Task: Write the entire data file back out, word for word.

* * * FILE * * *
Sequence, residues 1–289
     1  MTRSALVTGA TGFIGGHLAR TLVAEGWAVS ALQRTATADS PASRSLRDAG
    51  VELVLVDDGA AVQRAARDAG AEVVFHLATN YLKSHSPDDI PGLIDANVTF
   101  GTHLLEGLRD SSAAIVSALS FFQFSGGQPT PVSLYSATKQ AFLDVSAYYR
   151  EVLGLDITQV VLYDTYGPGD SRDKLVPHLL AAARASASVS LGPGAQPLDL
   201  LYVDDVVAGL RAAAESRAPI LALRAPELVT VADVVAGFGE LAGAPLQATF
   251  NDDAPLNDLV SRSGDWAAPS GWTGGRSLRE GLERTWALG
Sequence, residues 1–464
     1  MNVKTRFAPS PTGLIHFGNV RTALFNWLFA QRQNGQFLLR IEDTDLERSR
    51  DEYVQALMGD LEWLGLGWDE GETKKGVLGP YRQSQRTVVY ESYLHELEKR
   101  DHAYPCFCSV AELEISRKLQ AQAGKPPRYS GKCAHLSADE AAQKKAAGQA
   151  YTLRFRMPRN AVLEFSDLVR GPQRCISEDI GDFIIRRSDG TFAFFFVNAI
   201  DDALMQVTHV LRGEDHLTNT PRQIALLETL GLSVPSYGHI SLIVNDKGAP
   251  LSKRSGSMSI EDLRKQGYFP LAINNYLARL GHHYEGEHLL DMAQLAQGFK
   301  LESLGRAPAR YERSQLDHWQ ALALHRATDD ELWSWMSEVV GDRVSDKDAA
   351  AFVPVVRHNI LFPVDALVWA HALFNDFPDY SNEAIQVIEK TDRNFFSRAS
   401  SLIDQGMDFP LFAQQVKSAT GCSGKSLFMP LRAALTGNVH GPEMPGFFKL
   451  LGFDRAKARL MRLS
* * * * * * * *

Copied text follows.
Sequence, residues 1–289
     1  MTRSALVTGA TGFIGGHLAR TLVAEGWAVS ALQRTATADS PASRSLRDAG
    51  VELVLVDDGA AVQRAARDAG AEVVFHLATN YLKSHSPDDI PGLIDANVTF
   101  GTHLLEGLRD SSAAIVSALS FFQFSGGQPT PVSLYSATKQ AFLDVSAYYR
   151  EVLGLDITQV VLYDTYGPGD SRDKLVPHLL AAARASASVS LGPGAQPLDL
   201  LYVDDVVAGL RAAAESRAPI LALRAPELVT VADVVAGFGE LAGAPLQATF
   251  NDDAPLNDLV SRSGDWAAPS GWTGGRSLRE GLERTWALG
Sequence, residues 1–464
     1  MNVKTRFAPS PTGLIHFGNV RTALFNWLFA QRQNGQFLLR IEDTDLERSR
    51  DEYVQALMGD LEWLGLGWDE GETKKGVLGP YRQSQRTVVY ESYLHELEKR
   101  DHAYPCFCSV AELEISRKLQ AQAGKPPRYS GKCAHLSADE AAQKKAAGQA
   151  YTLRFRMPRN AVLEFSDLVR GPQRCISEDI GDFIIRRSDG TFAFFFVNAI
   201  DDALMQVTHV LRGEDHLTNT PRQIALLETL GLSVPSYGHI SLIVNDKGAP
   251  LSKRSGSMSI EDLRKQGYFP LAINNYLARL GHHYEGEHLL DMAQLAQGFK
   301  LESLGRAPAR YERSQLDHWQ ALALHRATDD ELWSWMSEVV GDRVSDKDAA
   351  AFVPVVRHNI LFPVDALVWA HALFNDFPDY SNEAIQVIEK TDRNFFSRAS
   401  SLIDQGMDFP LFAQQVKSAT GCSGKSLFMP LRAALTGNVH GPEMPGFFKL
   451  LGFDRAKARL MRLS